Cory Joseph is a national treasure.
That’s the first takeaway from Canada’s 77-69 victory over Turkey to begin their Olympic Qualifying Tournament on Tuesday morning (Box Score). The long-time stalwart of the national program, Joseph proved to be the team’s best player, as expected. Working alongside Tyler Ennis to navigate tight spacing around a sea of enormous Turkish players, Joseph was magnificent, pushing the tempo in transition, changing speeds in the half court, and setting up teammates for a buffet of quality looks.
Not only does Joseph’s earlier apprenticeship under potential tournament finals opponent Tony Parker shine through in the FIBA format, it’s clear that Ennis is getting those same lessons second-hand. Ennis looked better than he has at pretty much any point in his professional career so far, even on a poor shooting night, proving head coach Jay Triano wise for starting dual point guards in the face of a dearth of wing depth.(Phil Scrubb was really solid and looked much improved, too.) The three point guards combined for 37 points, nine assists, just four turnovers, and a plus-18. Most of that production was Joseph (21 points, five assists), but if lineup data were available, it would likely show the two-guard sets were Canada’s best.
Mah man Cory Joseph! pic.twitter.com/2MVvb2ERt3
— carlos tanada (@carlostanada7) July 5, 2016
It was that look that helped Canada to a strong start and, more notably, their game-changing run to start the third quarter. It was that latter run that extended the lead to 16 at one point, giving Canada a cushion as Turkey fought back later in the frame and into the fourth quarter.
And Canada bent. They got a little sloppy with their transition defense, began struggling some with Turkey’s size, and allowed their opponent a steady parade to the free-throw line. Canada earned the win, to be clear, but their lives were made easier by Turkey’s complete inability to capitalize on those free throws (19-of-34) and an ice-cold morning from long-range (6-of-26).
But Canada didn’t break, and their two best defenders on the day came up in huge spots in the fourth quarter. With the lead down to nine and Khem Birch fighting admirably on the block, Melvin Ejim came with help to absolutely erase an attempt at the rim with seven minutes to go, snuffing out any Turkish momentum. And after Turkey cut the lead back down to six in the closing seconds, Tristan Thompson – a favorite of the Manila crowd, according to a friend of the site who was on hand – scampered around the 3-point line defending and then beat everyone for a loose ball back at the rim. Everyone knows what Thompson brings to the table, and his leadership was on full display whenever play was dead or he was on the bench. Ejim may be less familiar to fans, but his growth was always going to be important to this team, and he managed to make a major impact around foul trouble.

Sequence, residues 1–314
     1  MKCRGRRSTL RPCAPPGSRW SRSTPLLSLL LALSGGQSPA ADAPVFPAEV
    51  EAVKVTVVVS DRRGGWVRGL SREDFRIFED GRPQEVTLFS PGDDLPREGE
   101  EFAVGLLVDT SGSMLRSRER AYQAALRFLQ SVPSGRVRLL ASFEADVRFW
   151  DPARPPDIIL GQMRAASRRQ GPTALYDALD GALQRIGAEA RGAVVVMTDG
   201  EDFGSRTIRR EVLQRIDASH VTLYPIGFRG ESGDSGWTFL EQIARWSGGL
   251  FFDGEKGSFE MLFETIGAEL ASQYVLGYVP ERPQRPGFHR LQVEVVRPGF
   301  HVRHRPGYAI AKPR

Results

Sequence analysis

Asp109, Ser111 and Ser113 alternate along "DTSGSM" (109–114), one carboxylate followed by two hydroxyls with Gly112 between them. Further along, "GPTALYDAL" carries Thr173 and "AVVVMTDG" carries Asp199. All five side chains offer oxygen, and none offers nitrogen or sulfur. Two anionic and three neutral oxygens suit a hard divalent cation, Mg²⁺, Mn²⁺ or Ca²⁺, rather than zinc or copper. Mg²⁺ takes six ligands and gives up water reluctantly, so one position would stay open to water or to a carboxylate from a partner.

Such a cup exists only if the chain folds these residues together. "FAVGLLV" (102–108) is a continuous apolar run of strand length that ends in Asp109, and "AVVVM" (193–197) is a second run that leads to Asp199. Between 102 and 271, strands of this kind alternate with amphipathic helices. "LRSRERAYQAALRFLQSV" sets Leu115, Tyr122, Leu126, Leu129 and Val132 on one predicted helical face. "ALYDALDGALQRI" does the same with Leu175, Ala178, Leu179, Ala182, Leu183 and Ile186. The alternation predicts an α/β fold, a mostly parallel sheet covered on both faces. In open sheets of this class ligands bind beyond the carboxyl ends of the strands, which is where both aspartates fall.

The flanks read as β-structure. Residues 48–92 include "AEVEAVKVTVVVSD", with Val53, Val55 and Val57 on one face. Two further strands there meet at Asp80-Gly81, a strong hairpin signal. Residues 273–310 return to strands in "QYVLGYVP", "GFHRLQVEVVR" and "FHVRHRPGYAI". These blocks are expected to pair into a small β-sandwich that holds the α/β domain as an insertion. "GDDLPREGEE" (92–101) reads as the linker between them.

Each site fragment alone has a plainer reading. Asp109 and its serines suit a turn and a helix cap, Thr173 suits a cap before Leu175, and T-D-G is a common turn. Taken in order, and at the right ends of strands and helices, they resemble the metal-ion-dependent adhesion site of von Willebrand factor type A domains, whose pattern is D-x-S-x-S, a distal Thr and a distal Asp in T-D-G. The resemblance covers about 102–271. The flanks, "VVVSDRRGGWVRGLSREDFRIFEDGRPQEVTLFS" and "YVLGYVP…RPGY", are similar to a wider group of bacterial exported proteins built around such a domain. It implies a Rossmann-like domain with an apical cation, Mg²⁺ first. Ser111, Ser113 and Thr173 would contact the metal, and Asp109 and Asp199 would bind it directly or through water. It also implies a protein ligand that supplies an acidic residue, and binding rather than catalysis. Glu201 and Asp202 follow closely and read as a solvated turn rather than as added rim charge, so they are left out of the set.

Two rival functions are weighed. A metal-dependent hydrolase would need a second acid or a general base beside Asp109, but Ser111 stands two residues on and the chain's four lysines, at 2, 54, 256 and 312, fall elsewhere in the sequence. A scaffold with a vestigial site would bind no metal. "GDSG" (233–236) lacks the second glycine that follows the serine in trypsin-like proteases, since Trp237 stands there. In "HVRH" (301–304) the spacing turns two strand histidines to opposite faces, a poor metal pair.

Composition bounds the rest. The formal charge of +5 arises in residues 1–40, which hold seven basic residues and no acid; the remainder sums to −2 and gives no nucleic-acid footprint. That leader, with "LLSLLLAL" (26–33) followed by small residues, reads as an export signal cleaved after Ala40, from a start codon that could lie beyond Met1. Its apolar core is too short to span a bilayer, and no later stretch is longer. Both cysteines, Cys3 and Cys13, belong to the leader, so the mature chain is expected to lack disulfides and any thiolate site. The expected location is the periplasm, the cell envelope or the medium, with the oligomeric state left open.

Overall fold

The win should be a big confidence boost for the Canadians, who managed to match rebounding with a bigger squad, stayed composed as their lead was chipped away, and did well to protect the ball throughout the game. Those elements are going to be key if and when they run up against France, something they may be able to avoid until the tournament final if they can take care of Senegal on Wednesday. That’s putting the cart before the horse, as it were, as Senegal won’t be an easy out. Canada also has a few areas it can clean up, namely their transition defense. They’ll also need to find ways of getting their guards a little more space within the confines of a rotation that doesn’t have a great deal of hooting outside of Brady Heslip, though the team’s 7-of-19 mark Tuesday was encouraging.
Also encouraging was the team’s defense, which should be it’s calling card in the tournament. They held up against a more physically imposing opponent, used their bigs to chase and contest shooters, and didn’t give up the rim as a result. Omer Asik was a non-factor outside of the glass, Semih Erden was kept quiet, and Cedi Osman, a potential import for the Cleveland Cavaliers this coming season, was mostly neutralized in the half-court before injuring his left ankle.
Cedi Osman işte bu pozisyonda sol ayak bileğini burkarak oyunu terk etmek zorunda kaldı! pic.twitter.com/AhgMbp6A1l
— Basket Dergisi (@basketdergisi) July 5, 2016
This is a big first step. Canada has to play nearly perfect basketball in this tournament, because only the overall winner advances. On paper, Turkey was the second biggest test they were likely to face, and Canada turned in a strong opening performance. There’s no time or room for let-up, and Joseph and Thompson don’t seem likely to allow that to happen. It’s a great start, but there’s a lot of work to be done still.
You can check out the full broadcast schedule and read more about the team here.